Sydney's Better Building Partnership records 52% emissions reduction

Members of the Better Buildings Partnership, a collaboration of major property owners led by the City of Sydney, have recorded a 52 per cent emission reduction across their $105 billion property portfolio since the Partnership’s inception in 2011.

The figures revealed in the partnership’s annual report show its members are on track to exceed the 70 per cent emission reduction target (based on a 2006 baseline) well ahead of the 2030 deadline.

Ruben Langbroek, Head of GRESB Asia-Pacific, an organisation that assesses the sustainability performance of real estate and infrastructure portfolios, said the results are consistent with GRESB data that shows the Australian property sector has emerged as a global leader in energy efficiency, emission reductions and diverting waste from landfill.

“Although Better Buildings Partnership members are based in Sydney, they manage properties across the country and are driving great positive change in how buildings are constructed and operated in Australia,” Mr Langbroek said.

“Our data has consistently shown that the Australian property market is a global sustainability leader and this reflects the strong environmental work of the Better Buildings Partnership.

“Institutional investors are demanding greater transparency when it comes to environmental performance of their real estate investment portfolio, and that is why Australia’s prime building portfolio is increasingly valued on the world stage.”

Seven years ago, Lord Mayor Clover Moore brought Sydney’s major commercial landlords together to present the scale of the climate challenge and the City’s ambitious target for action – a 70 per cent reduction in emissions by 2030.

“We knew we couldn’t achieve our target of a 70 per cent emissions reduction across our area unless we worked with the major commercial landlords of the city,” the Lord Mayor said.

“Sydney’s biggest building owners and building managers, accounting for 54 per cent of all commercial office space in the city centre and 35 per cent across our local government area, signed up to the City’s targets – and their concerted efforts have made a huge difference.

“This phenomenal result came about thanks to effective long term collaboration between government and the private sector. Buildings account for more than 80 per cent of emissions generated in our area, we’re fortunate to have some very collaborative and forward thinking organisations to work with.”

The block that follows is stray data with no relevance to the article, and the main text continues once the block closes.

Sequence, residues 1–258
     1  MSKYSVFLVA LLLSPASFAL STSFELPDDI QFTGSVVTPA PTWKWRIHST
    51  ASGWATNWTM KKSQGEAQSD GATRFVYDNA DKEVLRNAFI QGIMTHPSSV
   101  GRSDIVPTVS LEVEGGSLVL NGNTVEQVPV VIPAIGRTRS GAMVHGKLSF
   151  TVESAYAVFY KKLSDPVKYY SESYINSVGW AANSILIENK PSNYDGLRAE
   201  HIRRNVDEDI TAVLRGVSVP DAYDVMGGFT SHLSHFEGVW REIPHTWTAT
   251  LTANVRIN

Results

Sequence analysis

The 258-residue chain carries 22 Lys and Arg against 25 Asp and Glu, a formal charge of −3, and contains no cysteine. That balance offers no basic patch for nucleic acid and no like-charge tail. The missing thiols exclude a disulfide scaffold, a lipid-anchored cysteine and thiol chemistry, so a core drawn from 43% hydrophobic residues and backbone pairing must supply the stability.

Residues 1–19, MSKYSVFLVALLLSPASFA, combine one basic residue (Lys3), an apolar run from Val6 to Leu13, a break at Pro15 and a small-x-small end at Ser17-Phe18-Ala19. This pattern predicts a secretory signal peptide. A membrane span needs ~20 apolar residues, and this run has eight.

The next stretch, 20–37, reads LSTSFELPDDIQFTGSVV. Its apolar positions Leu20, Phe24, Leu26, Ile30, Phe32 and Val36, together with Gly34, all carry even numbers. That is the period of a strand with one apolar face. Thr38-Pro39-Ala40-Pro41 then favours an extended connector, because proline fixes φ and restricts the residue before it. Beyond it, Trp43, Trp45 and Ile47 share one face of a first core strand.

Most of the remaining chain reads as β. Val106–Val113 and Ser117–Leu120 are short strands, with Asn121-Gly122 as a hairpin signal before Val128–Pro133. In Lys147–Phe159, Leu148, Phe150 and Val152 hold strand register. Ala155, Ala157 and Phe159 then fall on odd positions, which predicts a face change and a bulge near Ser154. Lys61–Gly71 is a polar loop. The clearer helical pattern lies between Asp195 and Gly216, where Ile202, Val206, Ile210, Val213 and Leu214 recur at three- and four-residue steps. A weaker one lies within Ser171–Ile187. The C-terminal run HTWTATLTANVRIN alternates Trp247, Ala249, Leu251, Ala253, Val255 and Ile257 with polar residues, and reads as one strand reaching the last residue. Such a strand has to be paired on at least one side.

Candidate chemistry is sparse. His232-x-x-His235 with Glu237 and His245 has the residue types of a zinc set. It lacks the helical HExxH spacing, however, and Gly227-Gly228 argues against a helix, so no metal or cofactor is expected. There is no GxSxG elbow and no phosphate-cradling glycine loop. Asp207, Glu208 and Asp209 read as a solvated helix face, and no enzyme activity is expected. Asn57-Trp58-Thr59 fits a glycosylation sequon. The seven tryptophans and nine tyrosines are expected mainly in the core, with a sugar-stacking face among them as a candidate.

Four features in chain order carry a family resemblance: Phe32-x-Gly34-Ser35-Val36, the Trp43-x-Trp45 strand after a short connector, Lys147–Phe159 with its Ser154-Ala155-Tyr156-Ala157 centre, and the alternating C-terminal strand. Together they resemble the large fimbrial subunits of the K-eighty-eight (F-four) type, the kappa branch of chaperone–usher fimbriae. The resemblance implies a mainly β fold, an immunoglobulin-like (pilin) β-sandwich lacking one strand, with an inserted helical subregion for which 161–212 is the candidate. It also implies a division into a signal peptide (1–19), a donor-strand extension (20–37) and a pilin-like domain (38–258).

Despite the portfolio growing 14 per cent since its inception as more organisations have come on board, the Better Buildings Partnership has recorded :

  • 52% reduction in emissions

  • 36% reduction in potable water use

  • $33 million savings in electricity bills

  • 43% energy reduction

  • 8000 tonnes of re-homed furniture.

The partnership is now working towards net zero emissions across all buildings, better waste data recording, 80 per cent strip out waste recovery, better data insights and systematic green leasing.

The City recently placed two sustainability sector plans relating to the accommodation and officer sectors on exhibition for public comment.

“Despite the great results, there is more work to do over the coming years so we have unveiled new sector plans outlining actions we can take to slash emissions in the office and accommodation building sectors,” Ms Moore said.

The Better Buildings Partnership is directed by a leadership panel comprising senior representatives from each member organisation. The leadership panel meets quarterly to set the overall vision and strategic direction of the partnership including targets and develop the annual work program.

Partners include AMP Capital, Brookfield, Charter Hall, City of Sydney, DEXUS, Frasers Property, The GPT Group, Investa, ISPT, LendLease, Mirvac, Stockland, University of Sydney, Sydney TAFE, and University of Technology Sydney.

GRESB collates and analyses environmental, social and governance assessments to provide insights to investors across the world.

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